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Milwaukee's Daily Magazine for Wednesday, April 23, 2014

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In Music

Say happy birthday to Milwaukee's The Saltshakers. (PHOTO: Tom Julio)

The Saltshakers turn 10 and celebrate with a string of singles


It's been 9 1/2 years since we first profiled Milwaukee band The Saltshakers and, like you, we've watched the quartet grow into one of the best power pop purveyors of hook-laden, guitar-fueled rock and roll in town.

The band – fronted by Chad Curtis and also including drummer Jon Strelecki, bassist Jamie Owart and guitarist/keyboardist Chris Holoyda – has released two EPs and two full-lengths during its tenure, but now, as it prepares to celebrate its 10th anniversary, the group is launching a series of CD singles.

The first, which matches the woozy-Moog of "Halley" with "Amplified" and "Mystery Girls" – think part Fountains of Wayne, part Teenage Fanclub – is out now and can be had free with admission to The Saltshakers' 10th anniversary bash Saturday, Dec. 1 at The BBC. Also on the bill are The Delta Routine and Icarus Down.

We asked Curtis about the CD singles and the motivation behind them ...

OnMilwaukee.com: "The Singles Collection Disc 1"?! What's that all about? Is it a means to celebrate the 10th anniversary?

Chad Curtis: We're going to be releasing limited edition singles from this point forward. Three songs will be on each disc. There will be a limited pressing of 200 CDs per release, and once they're gone they'll only be available via digital download.

We're giving a copy away with each admission to the Dec. 1 release party, so they won't last long. The second single in the collection will be released in spring of 2013.

OMC: Is it an expensive proposition for a band to release a series of three-song CDs rather than one full-length or a series of download-only singles?

CC: It's definitely not as cost-effective to do the singles thing, but if we were doing this thing to make money we would become a cover band. We discussed doing iTunes-only, but I just love having a physical copy of a CD. I love opening it up, smelling it – is that strange? – and looking at the liner notes and packaging. I know some people just want the mp3s, but I like that whole "CD experience." Hopefully other people still feel that way, too.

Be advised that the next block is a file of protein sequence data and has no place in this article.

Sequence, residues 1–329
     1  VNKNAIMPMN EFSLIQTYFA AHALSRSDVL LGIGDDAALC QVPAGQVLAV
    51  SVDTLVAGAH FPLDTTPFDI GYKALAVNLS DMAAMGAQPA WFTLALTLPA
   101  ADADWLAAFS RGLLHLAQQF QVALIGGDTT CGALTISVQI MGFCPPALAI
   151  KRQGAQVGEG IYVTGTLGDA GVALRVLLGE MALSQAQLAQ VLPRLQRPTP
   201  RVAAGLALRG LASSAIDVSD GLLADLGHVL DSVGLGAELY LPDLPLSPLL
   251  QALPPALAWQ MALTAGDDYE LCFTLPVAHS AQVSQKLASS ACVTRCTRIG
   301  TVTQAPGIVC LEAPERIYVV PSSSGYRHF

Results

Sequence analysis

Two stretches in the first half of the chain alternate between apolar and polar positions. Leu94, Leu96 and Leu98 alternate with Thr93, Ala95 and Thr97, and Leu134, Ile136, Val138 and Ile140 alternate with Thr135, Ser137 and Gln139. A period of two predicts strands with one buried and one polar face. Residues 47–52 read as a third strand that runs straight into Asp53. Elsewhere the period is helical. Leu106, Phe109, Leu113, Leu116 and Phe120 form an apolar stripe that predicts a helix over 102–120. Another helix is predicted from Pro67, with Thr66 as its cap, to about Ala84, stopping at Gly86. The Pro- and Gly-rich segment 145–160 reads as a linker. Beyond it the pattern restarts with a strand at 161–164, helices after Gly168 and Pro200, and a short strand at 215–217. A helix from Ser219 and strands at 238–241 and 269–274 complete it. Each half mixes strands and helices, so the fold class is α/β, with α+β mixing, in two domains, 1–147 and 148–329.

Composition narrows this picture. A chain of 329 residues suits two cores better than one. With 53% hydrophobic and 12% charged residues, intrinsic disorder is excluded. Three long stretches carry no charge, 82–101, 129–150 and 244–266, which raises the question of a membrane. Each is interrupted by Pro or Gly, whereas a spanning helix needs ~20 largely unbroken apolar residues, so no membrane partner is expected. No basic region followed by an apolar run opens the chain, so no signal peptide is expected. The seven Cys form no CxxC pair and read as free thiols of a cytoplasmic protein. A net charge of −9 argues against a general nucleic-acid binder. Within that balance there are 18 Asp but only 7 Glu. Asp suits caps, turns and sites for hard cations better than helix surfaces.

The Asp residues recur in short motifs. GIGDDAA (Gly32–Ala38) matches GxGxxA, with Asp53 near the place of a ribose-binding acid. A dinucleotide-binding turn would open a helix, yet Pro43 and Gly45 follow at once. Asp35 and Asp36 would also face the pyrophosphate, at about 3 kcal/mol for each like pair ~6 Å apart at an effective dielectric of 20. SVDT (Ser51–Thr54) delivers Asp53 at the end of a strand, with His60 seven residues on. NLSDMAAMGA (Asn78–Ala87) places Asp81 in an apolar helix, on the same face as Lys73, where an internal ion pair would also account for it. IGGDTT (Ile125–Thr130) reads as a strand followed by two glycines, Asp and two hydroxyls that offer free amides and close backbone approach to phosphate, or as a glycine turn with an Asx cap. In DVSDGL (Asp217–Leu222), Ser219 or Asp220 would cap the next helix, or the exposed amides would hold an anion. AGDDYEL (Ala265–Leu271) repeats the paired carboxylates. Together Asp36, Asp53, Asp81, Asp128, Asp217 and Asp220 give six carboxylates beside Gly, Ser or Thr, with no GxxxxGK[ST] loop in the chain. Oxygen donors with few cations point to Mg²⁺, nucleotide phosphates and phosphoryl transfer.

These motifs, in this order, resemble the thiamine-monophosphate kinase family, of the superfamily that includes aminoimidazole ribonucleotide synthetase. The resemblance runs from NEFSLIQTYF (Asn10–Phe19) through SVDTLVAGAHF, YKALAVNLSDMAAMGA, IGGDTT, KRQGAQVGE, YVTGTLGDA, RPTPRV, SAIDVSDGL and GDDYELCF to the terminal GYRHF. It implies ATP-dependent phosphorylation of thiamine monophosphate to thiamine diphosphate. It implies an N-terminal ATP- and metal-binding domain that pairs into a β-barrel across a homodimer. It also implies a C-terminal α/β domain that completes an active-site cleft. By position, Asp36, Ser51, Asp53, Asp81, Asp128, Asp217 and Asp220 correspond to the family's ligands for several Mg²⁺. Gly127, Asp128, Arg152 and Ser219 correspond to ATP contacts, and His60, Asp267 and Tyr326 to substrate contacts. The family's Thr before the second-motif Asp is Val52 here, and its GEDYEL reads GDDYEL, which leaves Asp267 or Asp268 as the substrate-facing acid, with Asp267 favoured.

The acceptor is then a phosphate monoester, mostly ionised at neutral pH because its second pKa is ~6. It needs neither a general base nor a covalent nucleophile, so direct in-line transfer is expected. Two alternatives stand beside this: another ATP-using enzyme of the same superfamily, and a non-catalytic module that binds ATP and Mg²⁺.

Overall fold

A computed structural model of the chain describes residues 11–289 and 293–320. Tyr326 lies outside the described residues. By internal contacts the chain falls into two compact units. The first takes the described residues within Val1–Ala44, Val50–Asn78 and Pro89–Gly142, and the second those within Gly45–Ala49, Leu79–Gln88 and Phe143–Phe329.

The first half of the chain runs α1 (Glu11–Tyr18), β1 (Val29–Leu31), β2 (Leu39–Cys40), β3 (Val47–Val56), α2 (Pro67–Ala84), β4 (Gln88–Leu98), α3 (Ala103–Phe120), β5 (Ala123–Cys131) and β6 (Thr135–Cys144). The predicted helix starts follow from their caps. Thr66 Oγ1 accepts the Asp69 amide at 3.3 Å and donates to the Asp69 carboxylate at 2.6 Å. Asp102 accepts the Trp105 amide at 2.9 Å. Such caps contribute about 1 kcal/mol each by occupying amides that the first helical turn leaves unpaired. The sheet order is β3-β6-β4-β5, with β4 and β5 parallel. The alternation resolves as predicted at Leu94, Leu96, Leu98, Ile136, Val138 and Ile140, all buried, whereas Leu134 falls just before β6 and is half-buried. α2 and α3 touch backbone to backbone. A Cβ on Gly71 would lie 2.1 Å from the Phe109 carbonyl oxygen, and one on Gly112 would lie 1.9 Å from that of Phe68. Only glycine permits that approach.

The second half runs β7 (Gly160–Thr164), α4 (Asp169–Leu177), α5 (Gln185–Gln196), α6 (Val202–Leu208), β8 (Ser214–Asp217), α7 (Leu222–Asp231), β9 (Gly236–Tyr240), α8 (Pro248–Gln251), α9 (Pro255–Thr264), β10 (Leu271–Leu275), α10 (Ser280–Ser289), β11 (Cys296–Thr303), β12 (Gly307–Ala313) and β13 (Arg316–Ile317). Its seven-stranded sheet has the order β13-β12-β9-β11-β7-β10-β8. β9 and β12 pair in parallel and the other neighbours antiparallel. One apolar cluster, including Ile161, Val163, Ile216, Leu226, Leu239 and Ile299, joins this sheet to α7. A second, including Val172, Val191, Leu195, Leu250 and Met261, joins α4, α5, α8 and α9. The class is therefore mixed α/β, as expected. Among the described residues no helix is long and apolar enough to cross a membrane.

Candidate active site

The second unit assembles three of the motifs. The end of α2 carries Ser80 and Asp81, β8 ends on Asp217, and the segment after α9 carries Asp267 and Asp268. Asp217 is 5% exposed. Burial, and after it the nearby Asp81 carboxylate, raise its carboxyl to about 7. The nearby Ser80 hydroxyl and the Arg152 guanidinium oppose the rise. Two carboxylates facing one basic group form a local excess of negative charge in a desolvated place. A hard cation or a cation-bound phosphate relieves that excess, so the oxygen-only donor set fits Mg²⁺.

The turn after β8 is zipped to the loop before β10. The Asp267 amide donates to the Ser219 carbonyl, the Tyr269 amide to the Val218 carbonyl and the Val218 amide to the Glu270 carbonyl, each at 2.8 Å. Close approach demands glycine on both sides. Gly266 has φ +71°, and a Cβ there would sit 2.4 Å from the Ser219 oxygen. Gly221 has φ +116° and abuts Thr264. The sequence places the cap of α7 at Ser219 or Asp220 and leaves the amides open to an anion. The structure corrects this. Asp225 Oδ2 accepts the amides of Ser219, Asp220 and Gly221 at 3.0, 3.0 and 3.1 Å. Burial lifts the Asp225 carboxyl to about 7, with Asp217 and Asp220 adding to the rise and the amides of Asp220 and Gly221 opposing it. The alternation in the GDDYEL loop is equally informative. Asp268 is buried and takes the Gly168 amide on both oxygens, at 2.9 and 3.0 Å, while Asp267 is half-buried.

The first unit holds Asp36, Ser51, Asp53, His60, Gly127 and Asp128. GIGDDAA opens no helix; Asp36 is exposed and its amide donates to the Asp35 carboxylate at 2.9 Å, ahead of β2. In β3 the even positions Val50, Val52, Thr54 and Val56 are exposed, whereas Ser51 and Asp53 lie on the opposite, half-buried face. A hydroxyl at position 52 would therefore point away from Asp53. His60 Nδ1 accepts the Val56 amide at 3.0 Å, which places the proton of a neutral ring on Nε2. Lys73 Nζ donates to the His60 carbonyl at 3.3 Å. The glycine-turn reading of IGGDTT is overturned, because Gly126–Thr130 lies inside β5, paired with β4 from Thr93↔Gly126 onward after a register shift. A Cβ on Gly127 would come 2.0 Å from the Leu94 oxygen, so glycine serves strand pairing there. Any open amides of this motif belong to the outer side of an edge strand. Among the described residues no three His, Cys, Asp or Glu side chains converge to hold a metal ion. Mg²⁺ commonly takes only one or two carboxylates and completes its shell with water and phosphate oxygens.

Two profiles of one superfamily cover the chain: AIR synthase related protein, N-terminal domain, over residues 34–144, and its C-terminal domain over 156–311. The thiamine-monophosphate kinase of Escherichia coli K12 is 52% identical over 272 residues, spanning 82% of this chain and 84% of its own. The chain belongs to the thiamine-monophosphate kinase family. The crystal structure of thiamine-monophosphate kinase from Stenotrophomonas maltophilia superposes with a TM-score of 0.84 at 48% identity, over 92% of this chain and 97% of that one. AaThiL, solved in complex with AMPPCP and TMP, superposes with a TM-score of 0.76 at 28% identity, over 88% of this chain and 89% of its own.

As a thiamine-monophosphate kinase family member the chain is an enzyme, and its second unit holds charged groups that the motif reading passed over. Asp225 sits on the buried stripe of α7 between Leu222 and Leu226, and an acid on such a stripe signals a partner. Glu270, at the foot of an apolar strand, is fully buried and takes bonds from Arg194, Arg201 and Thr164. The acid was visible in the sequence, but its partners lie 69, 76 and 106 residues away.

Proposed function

OMC: What are the upsides?

CC: Part of me thinks our ADD-stricken society would prefer singles to albums because they are easier to absorb quickly, so in that way we're just adapting to the current state of the music industry.

Because a lot of people think they are entitled to all music for free, selling albums can be tough nowadays, so I'd rather just press a limited amount of discs and make sure the people that really want them can get a copy.

An upside is that we will be releasing new material more frequently, which I hope will make our friends and fans happy. Our last album came out in 2009 – and I can guarantee that it won't take three years for the next single to be released.

OMC: Does it give you more time to focus on fewer songs?

CC: As a songwriter, I no longer feel the pressure to write 10 good songs over a short period of time. I guess it's a "quality over quantity" approach that I'm trying to take from now on.

I remember feeling creatively exhausted after we'd finish each full-length, and both times I thought I was out of ideas and would never be able to write another good song again. I like taking it one-song-at-a-time now. I'm finding songwriting more fun with this approach.

OMC: Tell us a bit about the songs on the new disc.

CC: "Amplified" is a favorite among our friends – and because we were new musicians when we initially recorded it, l've always felt it deserved a better recording. When it was time to record this past summer, I had already been thinking about the 10-year anniversary CD release show, so I thought it would be a good opportunity to put an old favorite on the tracklisting.

"Mystery Girls" ended up being a favorite of mine. It's named after one of my favorite live bands that I used to go see when I first turned 21. I would see them at Cactus Club and I remember being really inspired by the authentic energy they displayed.

I had written "Halley" as a guitar-pop song, but it eventually evolved into a more synthy version after our new lead guitarist Chris began bringing his Moog (synthesizer) to band practice. It could be about a girl or a comet – nobody knows.

OMC: I thought the phrase, "Lately, all I see are constellations," under the tray was interesting, especially since, arguably, a single is more a star than a constellation. What's it all mean?

CC: I never even thought about it that way, actually! Stars make up constellations like singles make up albums – Katy Perry albums at least – so I guess I would like to see this new way that we're releasing our music help each song to "shine" a little brighter. Is that a cheesy enough way to end this interview?


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